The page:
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stairs and made for the low buzz of conversation in the
dining-room. Purposing to make the moderately
boisterous entry appropriate to a hunting morning,
I opened the door. After a moment of stupefaction I
recoiled into the passage, having beheld the entire
household on its knees, with backs of varying sizes
turned toward me: I had entered in the middle of the
Lord's Prayer. After a temporizing stroll on the
lawn I re-entered the room unobtrusively; Stephen
handed me a plate of porridge with a grin and no
other reference was made to my breach of decorum.

After breakfast he told me that I'd no more idea of
tying a stock than an ironmonger; when he had
re-tied it for me he surveyed the result with satisfac-
tion and announced that I now "looked ready to
compete against all the cutting and thrusting soldier-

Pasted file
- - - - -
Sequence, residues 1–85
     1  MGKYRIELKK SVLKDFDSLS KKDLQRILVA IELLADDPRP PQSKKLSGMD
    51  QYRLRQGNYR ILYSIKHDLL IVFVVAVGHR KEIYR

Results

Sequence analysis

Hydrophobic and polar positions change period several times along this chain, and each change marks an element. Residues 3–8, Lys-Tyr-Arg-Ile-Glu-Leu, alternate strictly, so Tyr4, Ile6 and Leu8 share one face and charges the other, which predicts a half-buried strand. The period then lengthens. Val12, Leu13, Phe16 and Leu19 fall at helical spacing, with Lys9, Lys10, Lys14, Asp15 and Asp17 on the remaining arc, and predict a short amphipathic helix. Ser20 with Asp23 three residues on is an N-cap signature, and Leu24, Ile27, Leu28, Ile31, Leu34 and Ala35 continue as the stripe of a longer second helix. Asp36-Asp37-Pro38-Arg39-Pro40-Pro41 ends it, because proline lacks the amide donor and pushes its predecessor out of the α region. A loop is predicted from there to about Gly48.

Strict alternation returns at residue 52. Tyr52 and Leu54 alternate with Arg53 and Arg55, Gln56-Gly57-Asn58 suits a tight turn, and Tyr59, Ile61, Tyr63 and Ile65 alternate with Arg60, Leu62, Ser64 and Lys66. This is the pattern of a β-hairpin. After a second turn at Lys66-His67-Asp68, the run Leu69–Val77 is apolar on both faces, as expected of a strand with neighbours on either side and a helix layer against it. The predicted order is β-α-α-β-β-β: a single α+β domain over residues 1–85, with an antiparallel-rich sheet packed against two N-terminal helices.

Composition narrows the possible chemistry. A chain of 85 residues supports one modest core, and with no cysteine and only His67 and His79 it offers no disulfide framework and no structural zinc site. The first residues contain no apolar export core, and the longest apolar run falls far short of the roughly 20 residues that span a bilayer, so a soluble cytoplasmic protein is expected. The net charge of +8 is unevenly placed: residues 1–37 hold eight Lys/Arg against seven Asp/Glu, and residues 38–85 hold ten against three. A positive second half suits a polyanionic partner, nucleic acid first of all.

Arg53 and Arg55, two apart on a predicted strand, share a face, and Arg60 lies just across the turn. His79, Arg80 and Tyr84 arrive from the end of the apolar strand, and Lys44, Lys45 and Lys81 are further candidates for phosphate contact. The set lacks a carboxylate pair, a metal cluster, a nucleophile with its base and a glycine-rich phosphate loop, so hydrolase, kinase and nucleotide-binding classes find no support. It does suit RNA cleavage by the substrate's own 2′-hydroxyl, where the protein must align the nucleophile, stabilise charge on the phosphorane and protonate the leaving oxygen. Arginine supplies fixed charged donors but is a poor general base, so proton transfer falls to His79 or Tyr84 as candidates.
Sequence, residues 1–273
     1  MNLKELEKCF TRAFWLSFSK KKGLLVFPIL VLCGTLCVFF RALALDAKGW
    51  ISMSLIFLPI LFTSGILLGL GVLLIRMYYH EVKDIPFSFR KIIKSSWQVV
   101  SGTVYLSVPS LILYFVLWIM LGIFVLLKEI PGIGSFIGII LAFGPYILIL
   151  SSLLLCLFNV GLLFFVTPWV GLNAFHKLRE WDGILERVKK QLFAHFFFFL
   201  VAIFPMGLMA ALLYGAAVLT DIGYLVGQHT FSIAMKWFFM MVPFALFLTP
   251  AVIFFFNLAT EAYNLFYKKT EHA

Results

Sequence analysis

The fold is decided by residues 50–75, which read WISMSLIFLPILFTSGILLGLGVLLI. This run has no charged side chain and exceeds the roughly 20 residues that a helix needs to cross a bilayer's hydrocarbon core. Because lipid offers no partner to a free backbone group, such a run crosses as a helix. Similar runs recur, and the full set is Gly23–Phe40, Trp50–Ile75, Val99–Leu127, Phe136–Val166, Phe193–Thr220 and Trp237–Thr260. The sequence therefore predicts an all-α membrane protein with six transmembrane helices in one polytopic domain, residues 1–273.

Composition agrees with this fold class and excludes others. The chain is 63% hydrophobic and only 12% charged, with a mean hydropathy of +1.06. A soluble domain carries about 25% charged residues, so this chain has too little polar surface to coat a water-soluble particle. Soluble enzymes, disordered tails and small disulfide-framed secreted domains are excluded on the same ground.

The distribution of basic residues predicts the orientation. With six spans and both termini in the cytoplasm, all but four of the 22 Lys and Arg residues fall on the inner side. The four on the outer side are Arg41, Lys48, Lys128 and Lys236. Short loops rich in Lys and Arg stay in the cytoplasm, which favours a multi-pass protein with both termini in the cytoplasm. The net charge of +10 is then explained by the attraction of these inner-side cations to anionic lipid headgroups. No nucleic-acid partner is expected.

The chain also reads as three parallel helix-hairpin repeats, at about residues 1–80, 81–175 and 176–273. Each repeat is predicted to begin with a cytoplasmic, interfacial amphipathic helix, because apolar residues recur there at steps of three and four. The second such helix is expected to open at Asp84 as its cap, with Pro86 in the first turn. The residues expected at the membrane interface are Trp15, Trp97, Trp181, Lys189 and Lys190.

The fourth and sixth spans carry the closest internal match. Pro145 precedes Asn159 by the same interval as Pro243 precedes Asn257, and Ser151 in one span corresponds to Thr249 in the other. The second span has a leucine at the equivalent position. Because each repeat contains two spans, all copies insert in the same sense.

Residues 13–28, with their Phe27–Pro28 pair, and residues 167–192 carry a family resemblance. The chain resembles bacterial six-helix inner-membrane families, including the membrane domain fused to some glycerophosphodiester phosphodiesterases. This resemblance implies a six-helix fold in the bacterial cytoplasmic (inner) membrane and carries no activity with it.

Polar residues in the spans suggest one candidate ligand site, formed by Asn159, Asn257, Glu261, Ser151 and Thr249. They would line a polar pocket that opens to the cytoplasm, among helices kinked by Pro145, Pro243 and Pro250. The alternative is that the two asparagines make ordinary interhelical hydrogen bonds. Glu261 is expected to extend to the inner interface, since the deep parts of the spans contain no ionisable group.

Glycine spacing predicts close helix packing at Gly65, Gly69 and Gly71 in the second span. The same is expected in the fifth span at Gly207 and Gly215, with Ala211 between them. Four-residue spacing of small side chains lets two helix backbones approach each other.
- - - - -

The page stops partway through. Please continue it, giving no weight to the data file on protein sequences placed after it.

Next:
officers in creation"*

By a quarter past ten the Rector was driving me to
the meet in the buggy—the groom having ridden his
horse on with Stephen, who was jogging sedately
along on Jerry. The Rector, whose overcoat had an
astrakhan collar, was rather reticent, and we did the
five miles to the meet without exchanging many
remarks. But it was a comfort, after my solitary
sporting experiments, to feel that I had a couple of
friendly chaperons, and Stephen had assured me that
my hireling knew his way over every fence in the
country and had never been known to turn his head,
My only doubt was whether his rider would do him
credit. We got to the meet in good time, and Mr.
Whatman, a very large man who kept a very large
livery-stable and drove a coach in the summer, was
loquacious about the merits of my hireling, while he
supervised my settlement in the saddle, which felt a
hard and slippery one.